s_{i} = a,-a,…; a = -0.718

Center: -0.159284, 0.055500; Zoom = 120

Start: z_{0} =

There is much I have been sweeping under the rug, it is time to come clean. However, I want to keep it somewhat informal, it is a difficult balance to maintain.

We are looking at the two step function which is actually a quartic (degree 4) polynomial. I did not formally define the two step function for Part II of this series. You can go back to the first post of Part I, Sequence Fractals Part I #1 and change “1” to “a” at appropriate places if you need it. (Or just ask in the comments.)

We are looking at parameter space pictures. Each pixel represents a different function, f_{c}. The pixel color is a piece of information about that function. It is easy to just take the parameter value, plug it into a program loop that cranks out a color and just call the whole process “paint by numbers”, and then ignore the rest.

All functions, except for a few extremely boring functions, have fixed points, cycles, and preperiodic (M_{m,n}) points. Lots of them!
Each function f_{c}, that is each pixel, has lots of C and M points. The short lists I have been providing are the parameter value c where the critical point of the function f_{c} is also a C or M value for that function. Adding the critical point requirement makes the C and M list much shorter.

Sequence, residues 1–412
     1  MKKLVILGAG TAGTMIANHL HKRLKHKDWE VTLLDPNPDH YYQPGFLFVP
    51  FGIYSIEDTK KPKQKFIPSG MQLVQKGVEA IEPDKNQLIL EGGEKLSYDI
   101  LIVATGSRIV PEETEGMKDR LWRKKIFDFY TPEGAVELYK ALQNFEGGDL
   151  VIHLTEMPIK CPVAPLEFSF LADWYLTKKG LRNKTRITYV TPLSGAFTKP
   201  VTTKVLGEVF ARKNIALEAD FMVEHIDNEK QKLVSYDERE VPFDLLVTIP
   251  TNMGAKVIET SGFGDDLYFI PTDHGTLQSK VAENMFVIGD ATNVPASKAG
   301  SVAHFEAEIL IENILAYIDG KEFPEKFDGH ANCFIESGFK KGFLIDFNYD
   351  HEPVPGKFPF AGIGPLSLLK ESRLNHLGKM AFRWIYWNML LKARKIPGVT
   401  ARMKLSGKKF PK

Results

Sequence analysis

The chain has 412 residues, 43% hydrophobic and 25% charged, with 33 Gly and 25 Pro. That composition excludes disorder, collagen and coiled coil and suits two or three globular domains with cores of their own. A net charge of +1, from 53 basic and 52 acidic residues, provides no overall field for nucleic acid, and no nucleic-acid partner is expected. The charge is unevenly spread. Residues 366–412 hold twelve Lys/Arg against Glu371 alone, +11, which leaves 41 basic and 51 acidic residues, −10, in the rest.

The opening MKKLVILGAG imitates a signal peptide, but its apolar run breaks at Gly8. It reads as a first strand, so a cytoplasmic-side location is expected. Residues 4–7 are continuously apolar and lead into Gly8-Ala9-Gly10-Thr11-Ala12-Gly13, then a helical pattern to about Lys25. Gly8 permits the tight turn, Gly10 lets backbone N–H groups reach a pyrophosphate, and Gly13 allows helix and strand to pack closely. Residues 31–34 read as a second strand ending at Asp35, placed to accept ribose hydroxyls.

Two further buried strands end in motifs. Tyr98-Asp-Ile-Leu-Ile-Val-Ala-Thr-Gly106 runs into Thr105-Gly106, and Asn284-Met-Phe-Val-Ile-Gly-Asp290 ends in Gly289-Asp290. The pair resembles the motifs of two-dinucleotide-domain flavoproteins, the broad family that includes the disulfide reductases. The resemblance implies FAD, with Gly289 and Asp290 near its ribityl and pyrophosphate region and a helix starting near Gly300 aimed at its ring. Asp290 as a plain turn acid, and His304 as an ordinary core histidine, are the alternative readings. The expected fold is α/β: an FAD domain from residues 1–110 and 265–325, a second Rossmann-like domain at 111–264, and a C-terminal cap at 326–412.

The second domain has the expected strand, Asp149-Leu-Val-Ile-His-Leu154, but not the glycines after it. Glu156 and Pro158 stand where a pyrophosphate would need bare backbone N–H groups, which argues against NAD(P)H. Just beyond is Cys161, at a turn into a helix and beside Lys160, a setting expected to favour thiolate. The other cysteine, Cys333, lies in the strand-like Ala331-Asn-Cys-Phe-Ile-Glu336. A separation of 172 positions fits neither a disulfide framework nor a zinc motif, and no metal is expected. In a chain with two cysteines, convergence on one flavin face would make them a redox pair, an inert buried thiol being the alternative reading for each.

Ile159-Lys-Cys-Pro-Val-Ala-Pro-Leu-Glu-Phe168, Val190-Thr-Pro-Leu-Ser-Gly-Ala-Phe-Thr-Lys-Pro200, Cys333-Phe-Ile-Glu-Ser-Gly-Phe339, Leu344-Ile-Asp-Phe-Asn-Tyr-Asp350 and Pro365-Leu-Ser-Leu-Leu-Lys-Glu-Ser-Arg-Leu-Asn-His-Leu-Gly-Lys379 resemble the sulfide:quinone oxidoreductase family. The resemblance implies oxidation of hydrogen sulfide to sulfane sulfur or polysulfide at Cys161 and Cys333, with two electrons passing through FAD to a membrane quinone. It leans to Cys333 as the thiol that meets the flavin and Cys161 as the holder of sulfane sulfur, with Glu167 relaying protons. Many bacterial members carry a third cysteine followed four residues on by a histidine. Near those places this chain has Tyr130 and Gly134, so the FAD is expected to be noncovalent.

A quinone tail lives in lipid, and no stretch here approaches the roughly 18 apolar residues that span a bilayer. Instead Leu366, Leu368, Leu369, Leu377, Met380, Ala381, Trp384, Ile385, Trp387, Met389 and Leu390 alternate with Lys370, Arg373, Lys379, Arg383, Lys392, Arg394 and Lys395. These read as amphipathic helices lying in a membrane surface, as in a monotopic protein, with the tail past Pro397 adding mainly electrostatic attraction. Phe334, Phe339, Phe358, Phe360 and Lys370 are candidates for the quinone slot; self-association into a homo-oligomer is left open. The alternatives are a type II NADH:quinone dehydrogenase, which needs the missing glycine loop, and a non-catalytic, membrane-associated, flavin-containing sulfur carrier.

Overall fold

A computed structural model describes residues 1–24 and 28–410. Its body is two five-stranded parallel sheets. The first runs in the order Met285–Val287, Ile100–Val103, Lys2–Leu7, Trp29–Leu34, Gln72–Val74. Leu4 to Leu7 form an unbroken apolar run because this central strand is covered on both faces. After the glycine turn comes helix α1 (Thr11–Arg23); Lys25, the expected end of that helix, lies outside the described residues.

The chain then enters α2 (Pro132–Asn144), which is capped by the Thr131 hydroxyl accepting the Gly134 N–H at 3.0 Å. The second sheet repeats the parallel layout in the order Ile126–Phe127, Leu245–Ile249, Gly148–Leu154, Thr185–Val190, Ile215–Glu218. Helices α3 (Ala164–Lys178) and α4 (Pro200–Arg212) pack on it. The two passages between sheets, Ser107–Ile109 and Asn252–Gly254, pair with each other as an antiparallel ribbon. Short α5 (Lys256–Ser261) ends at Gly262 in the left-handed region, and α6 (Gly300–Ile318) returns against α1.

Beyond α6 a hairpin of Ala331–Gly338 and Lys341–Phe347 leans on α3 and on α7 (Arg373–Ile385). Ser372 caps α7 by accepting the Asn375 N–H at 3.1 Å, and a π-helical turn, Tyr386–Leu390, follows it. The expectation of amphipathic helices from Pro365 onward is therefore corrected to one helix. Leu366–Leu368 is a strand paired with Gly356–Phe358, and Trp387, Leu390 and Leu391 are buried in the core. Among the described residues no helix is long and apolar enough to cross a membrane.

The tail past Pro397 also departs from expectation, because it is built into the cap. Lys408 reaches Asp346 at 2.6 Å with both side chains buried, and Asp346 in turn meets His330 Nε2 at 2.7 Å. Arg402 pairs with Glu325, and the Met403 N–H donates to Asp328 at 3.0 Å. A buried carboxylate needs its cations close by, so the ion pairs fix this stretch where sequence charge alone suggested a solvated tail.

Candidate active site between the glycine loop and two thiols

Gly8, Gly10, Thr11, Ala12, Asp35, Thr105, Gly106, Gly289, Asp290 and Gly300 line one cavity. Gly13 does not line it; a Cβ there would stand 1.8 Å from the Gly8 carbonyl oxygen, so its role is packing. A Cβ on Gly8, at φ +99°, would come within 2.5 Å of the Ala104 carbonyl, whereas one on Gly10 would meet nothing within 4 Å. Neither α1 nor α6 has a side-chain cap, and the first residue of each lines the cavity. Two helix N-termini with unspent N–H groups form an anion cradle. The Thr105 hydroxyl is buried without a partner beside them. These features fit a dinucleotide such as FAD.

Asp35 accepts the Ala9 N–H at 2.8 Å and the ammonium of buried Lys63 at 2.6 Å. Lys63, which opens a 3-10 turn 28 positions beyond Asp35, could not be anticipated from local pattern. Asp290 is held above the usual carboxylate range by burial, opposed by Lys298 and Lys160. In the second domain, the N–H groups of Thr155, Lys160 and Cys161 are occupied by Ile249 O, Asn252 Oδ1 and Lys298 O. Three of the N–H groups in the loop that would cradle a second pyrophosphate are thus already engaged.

But that is not all. Each f_{c} is a degree 4 polynomial, each one has a degree 3 derivative and so three critical points The critical points are 0, (today, a=-0.718). 0 is a critical point for all functions f_{c}, the other two depend on the function parameter c, and move around. There is no single “the” critical point. When I say “the critical point”, you should say “which one?”. The picture and all the C and M points depend on which critical point is selected. Up until now, 0 has been the chosen critical point.
As a side note, each function in the ubiquitous quadratic family of z^{2}+c, truly has a single critical point and it is always 0. So none of these complications show up in discussions for the Mandelbrot set.

Whew, there is still more, but that is enough for today. The starting point for today’s picture is one of the other critical points. It does not matter which one, they both behave the same. The center is M1,1.00 for the critical point 0. Repeating for emphasis, the starting point is determined by one critical point, the center by a different critical point.
We see that the M_{1,1} point, picture center, for 0 lies inside a hyperbolic component (cool math speak for interior) of the other critical point.